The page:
For well over a decade, scientists have known about a class of polymers that would react to and move toward light with no other power source.
While certainly fascinating, the technology was limited in its application in the real world, because the movement was so slow.
“So we asked ourselves, can we make these materials move faster and increase the mechanical power that they generate?”
Posing the question is M. Ravi Shankar, an associate professor of industrial engineering at the University of Pittsburgh. For the better part of a year, he’s been tackling this problem with Timothy J. White and Matthew Smith, who both work at the Air Force Research Laboratory at Wright-Patterson Air Force Base in Dayton, Ohio.
Now, they think they’ve got it.
“As we were examining different approaches, we thought why not borrow from the idea that helps the Venus flytrap and the hummingbird’s beak snap up prey?” Shankar said.
Using the polymer, the scientists essentially built a structure that looked and worked like the hummingbird’s beak and the flytrap’s trap.
“So the idea is that once we created this geometry from the photo-responsive polymer, we irradiated it with light,” Shankar said. “It initially deforms slowly, but when it reaches a critical state, it essentially snaps.”
The snapping mechanism essentially turns the polymer into a binary switch, and this, Shankar said, is where the possibilities for real-world application lie.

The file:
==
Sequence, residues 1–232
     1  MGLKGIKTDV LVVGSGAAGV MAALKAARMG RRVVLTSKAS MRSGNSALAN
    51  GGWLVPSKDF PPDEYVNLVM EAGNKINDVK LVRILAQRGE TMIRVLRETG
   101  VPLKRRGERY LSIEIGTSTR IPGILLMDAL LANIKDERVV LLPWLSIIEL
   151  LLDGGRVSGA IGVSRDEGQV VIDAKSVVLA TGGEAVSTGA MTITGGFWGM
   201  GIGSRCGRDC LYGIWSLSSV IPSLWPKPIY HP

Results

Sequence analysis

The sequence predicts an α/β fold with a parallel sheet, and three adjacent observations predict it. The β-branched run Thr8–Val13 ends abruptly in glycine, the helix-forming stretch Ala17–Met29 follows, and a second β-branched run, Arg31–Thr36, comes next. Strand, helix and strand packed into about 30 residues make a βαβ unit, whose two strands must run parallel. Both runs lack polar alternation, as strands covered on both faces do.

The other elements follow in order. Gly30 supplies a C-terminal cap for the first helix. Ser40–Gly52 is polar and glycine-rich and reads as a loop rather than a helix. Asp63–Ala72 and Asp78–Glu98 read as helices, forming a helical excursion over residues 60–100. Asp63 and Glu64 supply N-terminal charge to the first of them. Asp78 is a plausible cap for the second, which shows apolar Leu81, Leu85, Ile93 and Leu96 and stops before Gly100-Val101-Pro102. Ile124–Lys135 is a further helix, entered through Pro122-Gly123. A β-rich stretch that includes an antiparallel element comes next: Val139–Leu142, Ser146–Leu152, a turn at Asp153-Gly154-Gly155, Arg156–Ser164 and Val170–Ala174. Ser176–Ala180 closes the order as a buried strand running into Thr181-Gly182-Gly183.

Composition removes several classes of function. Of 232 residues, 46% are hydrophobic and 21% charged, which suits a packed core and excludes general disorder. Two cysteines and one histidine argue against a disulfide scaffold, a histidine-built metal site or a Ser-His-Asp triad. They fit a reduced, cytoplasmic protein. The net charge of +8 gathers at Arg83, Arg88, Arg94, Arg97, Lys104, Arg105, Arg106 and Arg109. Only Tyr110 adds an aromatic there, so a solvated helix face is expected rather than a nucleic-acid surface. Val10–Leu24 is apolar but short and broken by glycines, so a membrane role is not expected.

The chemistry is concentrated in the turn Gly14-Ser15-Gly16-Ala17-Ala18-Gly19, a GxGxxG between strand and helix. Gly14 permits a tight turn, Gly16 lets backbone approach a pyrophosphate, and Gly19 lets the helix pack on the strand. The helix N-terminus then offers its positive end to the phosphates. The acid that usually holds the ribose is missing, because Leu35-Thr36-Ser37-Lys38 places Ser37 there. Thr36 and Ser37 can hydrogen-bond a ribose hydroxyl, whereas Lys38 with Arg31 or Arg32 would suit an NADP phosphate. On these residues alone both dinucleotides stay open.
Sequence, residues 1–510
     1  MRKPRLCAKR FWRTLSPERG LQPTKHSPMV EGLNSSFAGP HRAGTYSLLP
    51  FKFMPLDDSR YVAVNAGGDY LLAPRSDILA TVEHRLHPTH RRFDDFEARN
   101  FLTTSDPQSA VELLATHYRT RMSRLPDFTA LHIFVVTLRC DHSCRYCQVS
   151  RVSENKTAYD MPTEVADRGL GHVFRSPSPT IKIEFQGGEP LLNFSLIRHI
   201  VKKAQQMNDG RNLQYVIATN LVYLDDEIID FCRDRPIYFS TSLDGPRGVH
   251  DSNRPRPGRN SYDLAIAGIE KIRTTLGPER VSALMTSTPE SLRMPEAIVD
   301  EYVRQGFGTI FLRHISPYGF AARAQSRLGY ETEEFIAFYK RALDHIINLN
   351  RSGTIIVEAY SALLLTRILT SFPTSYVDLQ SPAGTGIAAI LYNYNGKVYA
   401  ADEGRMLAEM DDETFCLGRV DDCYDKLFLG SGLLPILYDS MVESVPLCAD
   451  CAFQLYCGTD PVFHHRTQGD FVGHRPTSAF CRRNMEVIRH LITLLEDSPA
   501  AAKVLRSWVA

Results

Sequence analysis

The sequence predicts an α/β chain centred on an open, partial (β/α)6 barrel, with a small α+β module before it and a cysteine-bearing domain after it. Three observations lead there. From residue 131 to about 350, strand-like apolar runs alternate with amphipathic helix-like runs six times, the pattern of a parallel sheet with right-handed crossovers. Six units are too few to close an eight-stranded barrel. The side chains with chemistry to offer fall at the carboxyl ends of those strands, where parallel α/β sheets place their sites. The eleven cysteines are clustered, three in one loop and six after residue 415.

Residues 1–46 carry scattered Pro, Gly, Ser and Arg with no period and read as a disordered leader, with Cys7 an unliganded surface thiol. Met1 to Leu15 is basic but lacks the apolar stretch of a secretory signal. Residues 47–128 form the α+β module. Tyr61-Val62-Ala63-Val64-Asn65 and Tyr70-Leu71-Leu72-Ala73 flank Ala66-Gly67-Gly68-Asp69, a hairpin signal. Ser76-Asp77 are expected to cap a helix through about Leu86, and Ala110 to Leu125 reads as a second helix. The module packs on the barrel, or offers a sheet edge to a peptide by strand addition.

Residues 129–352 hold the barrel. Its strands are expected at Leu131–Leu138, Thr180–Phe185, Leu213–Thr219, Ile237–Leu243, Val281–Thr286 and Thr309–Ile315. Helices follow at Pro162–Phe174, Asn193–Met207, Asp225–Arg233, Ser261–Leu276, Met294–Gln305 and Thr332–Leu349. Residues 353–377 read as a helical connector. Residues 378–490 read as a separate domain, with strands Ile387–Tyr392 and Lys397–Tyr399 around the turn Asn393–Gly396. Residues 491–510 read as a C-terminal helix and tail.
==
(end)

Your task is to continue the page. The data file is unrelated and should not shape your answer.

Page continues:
Shankar said it may be possible to build structures out of the switches, controlling the movement of each part of the structure with a dedicated light source.
“Can we create morphing structures?” asked Shankar. “Let’s say, a robotic arm that is steered and powered only with light. Or we can think of something like a light-driven transformer, like Optimus Prime but that’s driven by light and nothing else.”
Shankar said, in the future, scientists may be able to develop a whole class of photo-mechanical machines.
The most fascinating part, according to Shankar, is that the polymers themselves need no other power source to generate the movement. The light itself powers the movement.
Shankar, White, and Smith published their findings in the Early Edition of the Proceedings of the National Academy of Sciences, which was released in early November.